- Dec 6, 2017 at 4:16 am #3505800
Adam GBPL Member
I’m trying to sort out my winter sleeping system. I would mostly camp in the Pacific Northwest with temperatures to around 0 F, sometimes lower. Perhaps I would camp in the Sierra Nevada.
I currently have a Thermarest Z Lite Sol with a XTherm on top of that. That seems to insulate me quite well from the bottom. My summer quilt is an Enigma 20F. I tried using the quilt while wearing my Rab Neutrino Endurance jacket (which I love for standing around camp), but I was too cold. I think it was a combination of inadequate insulation when my arms/legs compressed the down when they poked out and also drafts.
I think I need a sleeping bag. I am a side sleeper, but sometimes I end up sleeping on my belly or back. I realize that the down is compressed on the bottom, but I think that may be helpful if I’m thrashing about. I was thinking of the Western Mountaineering Versalite or Antelope or the Feathered Friends Snowbunting. I worry that the Antelope will be too cold. They don’t have hydrophobic down, and I wonder how they would hold up for longer trips (e.g. 7-14 days). A synthetic bag with the quilt may be an option, but I somehow doubt it will provide enough warmth since it won’t overlap with the quilt 100%.Dec 6, 2017 at 6:26 am #3505823
Edward John MBPL Member
Mike has an elephants foot half bag for sale cheap Have you thought about just adding in that as an additional layer in your system?
For general cold I find the boost of a half bag plus a parka is usually more than enoughDec 6, 2017 at 6:48 am #3505824
Ralph BurgessBPL Member
Have you seen that Enlightened Equipment do a bag version of the Enigma, called Conundrum? You can get that rated as warm as you want, and it can still open up and work with the same attachment system as their quilts, which might be nice if that’s what you’re accustomed to using in summer. I think if I were going to splurge on a system for the conditions you’re going out in, the Conundrum with a thin synthetic Enigma quilt (in a wider fitting) over the top would be a nice setup.Dec 7, 2017 at 8:38 am #3506037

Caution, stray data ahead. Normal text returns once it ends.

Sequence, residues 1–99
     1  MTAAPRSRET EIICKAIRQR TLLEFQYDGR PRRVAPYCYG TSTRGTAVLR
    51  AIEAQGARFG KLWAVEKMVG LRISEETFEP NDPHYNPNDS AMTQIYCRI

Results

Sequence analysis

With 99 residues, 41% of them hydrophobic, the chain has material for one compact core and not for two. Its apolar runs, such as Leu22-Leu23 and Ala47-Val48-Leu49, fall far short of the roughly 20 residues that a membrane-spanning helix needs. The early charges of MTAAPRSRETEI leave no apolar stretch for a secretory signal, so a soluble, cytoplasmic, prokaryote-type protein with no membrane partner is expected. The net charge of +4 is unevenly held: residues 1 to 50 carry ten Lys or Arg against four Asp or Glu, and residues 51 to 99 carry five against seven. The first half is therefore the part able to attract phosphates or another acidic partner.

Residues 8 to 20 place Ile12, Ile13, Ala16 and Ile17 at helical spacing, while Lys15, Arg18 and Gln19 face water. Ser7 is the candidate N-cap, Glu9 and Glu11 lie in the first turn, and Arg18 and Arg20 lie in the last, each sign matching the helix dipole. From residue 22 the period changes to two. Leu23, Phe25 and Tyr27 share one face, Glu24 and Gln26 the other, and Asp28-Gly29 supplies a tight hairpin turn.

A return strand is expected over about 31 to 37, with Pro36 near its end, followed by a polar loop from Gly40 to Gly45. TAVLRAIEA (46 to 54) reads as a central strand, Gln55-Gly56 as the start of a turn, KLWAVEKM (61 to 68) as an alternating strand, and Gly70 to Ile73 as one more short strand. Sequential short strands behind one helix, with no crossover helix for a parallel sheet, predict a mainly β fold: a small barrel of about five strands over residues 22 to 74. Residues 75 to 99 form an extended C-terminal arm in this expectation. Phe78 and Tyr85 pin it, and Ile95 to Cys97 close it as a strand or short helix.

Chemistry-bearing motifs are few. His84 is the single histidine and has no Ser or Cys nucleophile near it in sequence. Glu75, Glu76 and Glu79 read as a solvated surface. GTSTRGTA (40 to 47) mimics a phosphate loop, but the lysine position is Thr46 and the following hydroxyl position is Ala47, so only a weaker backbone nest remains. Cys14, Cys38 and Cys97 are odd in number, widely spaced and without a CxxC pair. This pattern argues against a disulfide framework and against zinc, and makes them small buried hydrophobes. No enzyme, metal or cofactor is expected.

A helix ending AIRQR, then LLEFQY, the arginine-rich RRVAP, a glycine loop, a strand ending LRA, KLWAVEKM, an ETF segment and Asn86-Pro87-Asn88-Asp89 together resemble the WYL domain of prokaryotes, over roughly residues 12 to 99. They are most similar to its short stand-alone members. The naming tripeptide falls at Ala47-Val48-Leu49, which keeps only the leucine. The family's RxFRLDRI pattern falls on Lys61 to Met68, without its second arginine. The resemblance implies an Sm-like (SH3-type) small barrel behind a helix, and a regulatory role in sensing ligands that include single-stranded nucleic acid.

Chris CBPL Member
Both Western Mountaineering and Feathered Friends the same goose down from Poland and is not hydrophobic because neither brands saw any benefits. I have both their bags and lean towards less added chemicals anyway. Never have had a problem with moisture in the bag. I have a WM Puma in GoreWindstopper with a footbox overfill. If I could do it all over again, I would opt for the -10F Bristlecone Semi Rec or -10 Lynx Mummy in Microfiber. The microfiber they use feels great, is more pliable so it’s easier to stuff, weighs less and costs less–not that I think about the costs anymore. WM’s full collar feels great. My FF Nano Swallow does not have a collar and I miss having one even in 50F weather.
Enlightened Equipment’s Convert can be fully zipped (no hood) and fully opened and can be custom ordered down to -10F with varied lengths and widths. Call them and ask for their recommendations for your height, and sleep style. Their 850fp down is duck; 900 & 950 is goose. All their down is DownTek Treated. Convert’s zipper does not open up if you zip it half way down and move around.
I, too, am a side sleeper and have yet to find the perfect sleep system. Some have recommended sleeping bags that have a middle zipper like Nunatak’s Alpinist and The North Face’s Inferno. I’m getting a FF Winter Wren 25F soon and will see if the center front zipper is more comfortable. I’m pretty sure I’ll like the wider foot portion-50″ width–while I turn to sleep on my side. I wonder if FF would custom make a Winter Wren to a lower rated bag.
What are you using for a pillow? So far, it’s just been my clothing in a soft fabric stuff sack.Dec 7, 2017 at 7:51 pm #3506104
As you said, your mattress system is good. I use a similar two layer setup with a Thermarest Trail Pro mattress over a Ridgerest CFC pad for anything below -10 F.
Last year I bought an LL Bean -20 F. 750 fill goose down bag. (Sold out for this season with only 0 F. bags available.) :o( The good news is that these bags all use down treated with Down Tek DWR.
This bag is the best designed winter bag I’ve seen and I’ve seen many and owned 3 winter bags so far. Plus the price is amazing even at the $419. full retail. (OK, 750 fill isn’t 900 fill but it is still way above the 500 fill “standard”.) I got mine on an amazing one day double sale for about $269. Bean stands behind their gear and clothing 100% and everything I’ve ever bought from them has lasted far longer than I expected.
BTW, My 3 season bag is a WM Megalite so I do have a high bar for quality in my sleeping bags and the LL Bean winter bag easily meets it.Dec 7, 2017 at 11:19 pm #3506126